Perl hash introduction tutorial

Perl hash FAQ: Can you share some simple Perl hash examples?

Sure. If you're not familiar with them, a Perl hash is simply a Perl array that is indexed by a string instead of a number. A Perl hash is like a Map in the Java programming language, or an array in PHP.

Perl hash - Background information

To get started looking at a hash in Perl, let's look at a simple example. First, let's assume that Perl hashes don't exist. Next, lets assume that we need to store the prices of various food items you'll find in a restaurant.

Without a Perl hash, the most logical way to store our restaurant data would be to have two arrays that we keep in sync: one array to store the names of the food items, and a second array to store their corresponding prices. Our arrays would like this:

$food[0] = 'pizza';
$price[0] = 12.00

$food[1] = 'coke';
$price[1] = 1.25

$food[2] = 'sandwich';
$price[2] = 4.00

Keeping two arrays in sync like this allows you to store both the name of the food item, and the price of the food item. You just need to make sure you keep the indexes in sync. For instance, element 0 of the food array would have the name of the food item ('pizza'), and element 0 of the price array would have the corresponding price of that food (12.00).

A simple Perl hash example

Doing something like this with arrays isn't uncommon, and was pretty much all we could do with many languages 15-20 years ago. However, with the concept of a hash in Perl, we can approach this problem differently.

Remember that a Perl hash is just an array that is indexed by a string instead of a number. With that, here's a Perl hash we can create to solve this our current food item and price data storage need:

# create our perl hash
$prices{"pizza"} = 12.00;
$prices{"coke"} = 1.25;
$prices{"sandwich"} = 3.00;

As you can see, we just use the names of our food items as the keys of our Perl hash, and the price of each food item is stored as the value. If you've never seen this before, I think you'll agree this is very cool. (If you have used this Perl hash feature before, you probably use it very often.)

(Note: Because a Perl hash is really just an array, you'll sometimes see a term like "Perl hash array", or "Perl array hash".)

In a Perl hash, the strings we use ('pizza', 'coke', etc.) are referred to as the hash keys, or simply keys; and whatever is stored on the right side of the equal sign in the assignment statements is referred to as the hash values, or simply values. As you can see from the code, each key has an associated value.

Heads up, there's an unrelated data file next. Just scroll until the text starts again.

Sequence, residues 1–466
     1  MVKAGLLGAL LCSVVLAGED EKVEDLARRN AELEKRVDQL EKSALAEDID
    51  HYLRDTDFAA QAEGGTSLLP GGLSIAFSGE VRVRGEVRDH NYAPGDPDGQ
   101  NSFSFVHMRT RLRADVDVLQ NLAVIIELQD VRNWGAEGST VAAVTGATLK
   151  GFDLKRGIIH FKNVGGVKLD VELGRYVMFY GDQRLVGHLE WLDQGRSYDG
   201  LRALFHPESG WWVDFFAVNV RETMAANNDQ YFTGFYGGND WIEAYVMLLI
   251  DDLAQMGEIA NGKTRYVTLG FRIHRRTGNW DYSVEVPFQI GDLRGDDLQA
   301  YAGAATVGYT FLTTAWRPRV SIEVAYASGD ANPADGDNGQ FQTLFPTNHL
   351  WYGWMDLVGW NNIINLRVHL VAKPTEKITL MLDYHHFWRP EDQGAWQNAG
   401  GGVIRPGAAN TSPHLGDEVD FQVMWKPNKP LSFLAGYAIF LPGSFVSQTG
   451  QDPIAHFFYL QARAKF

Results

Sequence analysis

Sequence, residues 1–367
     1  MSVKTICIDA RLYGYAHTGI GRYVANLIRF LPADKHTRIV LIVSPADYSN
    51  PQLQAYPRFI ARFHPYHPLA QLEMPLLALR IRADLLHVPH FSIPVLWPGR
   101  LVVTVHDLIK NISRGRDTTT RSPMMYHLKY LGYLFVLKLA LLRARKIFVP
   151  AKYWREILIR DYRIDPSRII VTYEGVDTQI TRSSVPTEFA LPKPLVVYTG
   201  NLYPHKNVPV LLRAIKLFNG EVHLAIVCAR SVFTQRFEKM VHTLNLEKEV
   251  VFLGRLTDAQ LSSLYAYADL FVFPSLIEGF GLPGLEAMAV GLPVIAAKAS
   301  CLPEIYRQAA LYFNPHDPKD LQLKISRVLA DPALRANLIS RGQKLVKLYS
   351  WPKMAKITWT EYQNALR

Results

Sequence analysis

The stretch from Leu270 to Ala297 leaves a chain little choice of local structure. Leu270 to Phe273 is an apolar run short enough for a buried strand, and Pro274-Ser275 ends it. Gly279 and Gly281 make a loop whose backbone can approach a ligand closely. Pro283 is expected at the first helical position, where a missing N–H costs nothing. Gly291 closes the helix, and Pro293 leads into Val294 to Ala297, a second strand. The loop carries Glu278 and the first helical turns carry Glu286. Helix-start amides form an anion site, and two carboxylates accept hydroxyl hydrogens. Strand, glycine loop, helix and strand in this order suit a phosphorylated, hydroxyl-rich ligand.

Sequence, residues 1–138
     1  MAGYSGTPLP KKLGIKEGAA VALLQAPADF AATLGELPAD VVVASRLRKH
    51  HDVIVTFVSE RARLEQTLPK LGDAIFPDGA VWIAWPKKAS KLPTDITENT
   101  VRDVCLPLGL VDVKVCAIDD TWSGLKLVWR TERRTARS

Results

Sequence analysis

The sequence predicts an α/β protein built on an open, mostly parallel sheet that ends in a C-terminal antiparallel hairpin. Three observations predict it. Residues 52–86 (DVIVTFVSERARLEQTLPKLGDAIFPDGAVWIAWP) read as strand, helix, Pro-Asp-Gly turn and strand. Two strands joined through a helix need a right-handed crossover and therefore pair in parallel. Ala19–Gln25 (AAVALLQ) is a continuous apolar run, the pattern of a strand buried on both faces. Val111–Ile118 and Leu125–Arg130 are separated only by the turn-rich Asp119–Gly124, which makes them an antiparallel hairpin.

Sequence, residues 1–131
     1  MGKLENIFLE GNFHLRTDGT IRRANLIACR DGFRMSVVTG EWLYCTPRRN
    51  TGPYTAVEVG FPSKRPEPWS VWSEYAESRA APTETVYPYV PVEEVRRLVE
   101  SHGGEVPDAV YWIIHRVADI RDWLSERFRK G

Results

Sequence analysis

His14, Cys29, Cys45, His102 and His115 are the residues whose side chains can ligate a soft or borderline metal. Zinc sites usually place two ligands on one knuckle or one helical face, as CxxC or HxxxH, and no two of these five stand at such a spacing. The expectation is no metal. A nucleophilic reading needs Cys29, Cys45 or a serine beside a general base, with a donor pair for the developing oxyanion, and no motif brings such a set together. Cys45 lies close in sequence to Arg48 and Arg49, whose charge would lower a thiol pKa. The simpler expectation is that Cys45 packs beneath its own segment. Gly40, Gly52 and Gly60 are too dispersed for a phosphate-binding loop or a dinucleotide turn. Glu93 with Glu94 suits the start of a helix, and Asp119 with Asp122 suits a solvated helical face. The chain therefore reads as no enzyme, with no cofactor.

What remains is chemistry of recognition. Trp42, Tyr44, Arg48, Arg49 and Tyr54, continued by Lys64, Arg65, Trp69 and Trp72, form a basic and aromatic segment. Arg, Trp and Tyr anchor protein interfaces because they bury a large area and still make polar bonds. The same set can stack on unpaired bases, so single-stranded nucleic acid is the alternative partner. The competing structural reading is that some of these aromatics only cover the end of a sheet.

A complete Perl hash script

To finish this Perl hash tutorial, here's the source code for a complete Perl script where I first create a Perl hash, and then I loop through all the keys in the Perl hash, and then print each key and value that are contained in the hash:


# create our perl hash

$prices{'pizza'} = 12.00;
$prices{'coke'} = 1.25;
$prices{'sandwich'} = 3.00;

# traverse our perl hash, printing the
# key and value for each array element

print "\nforeach output:\n";
foreach $key (keys %prices)
  # do whatever you want with $key and $value here ...
  $value = $prices{$key};
  print "  $key costs $value\n";

I hope this example makes sense, I tried to keep it simple. The most important things to note here have to do with the hash syntax, specifically:

  • The use of curly braces around the strings. (Perl arrays that are indexed by numbers use brackets around numbers.)
  • The use of the percent symbol before the name of the hash in the foreach loop.

I also hope the Perl foreach loop shown is a good example of how to iterate through all the keys and values in our hash. Once you create a Perl hash, this is a very common way of iterating through all the elements in the hash.

Once you wrap your head around a Perl hash, you realize it can be a very powerful way of storing associated data. (In fact, hashes used to be referred to as "associated arrays".) The major difference between a Perl hash and a regular Perl array is that the array is indexed by number, and the hash is indexed by a string, but this simple difference makes hashes a very powerful data construct.

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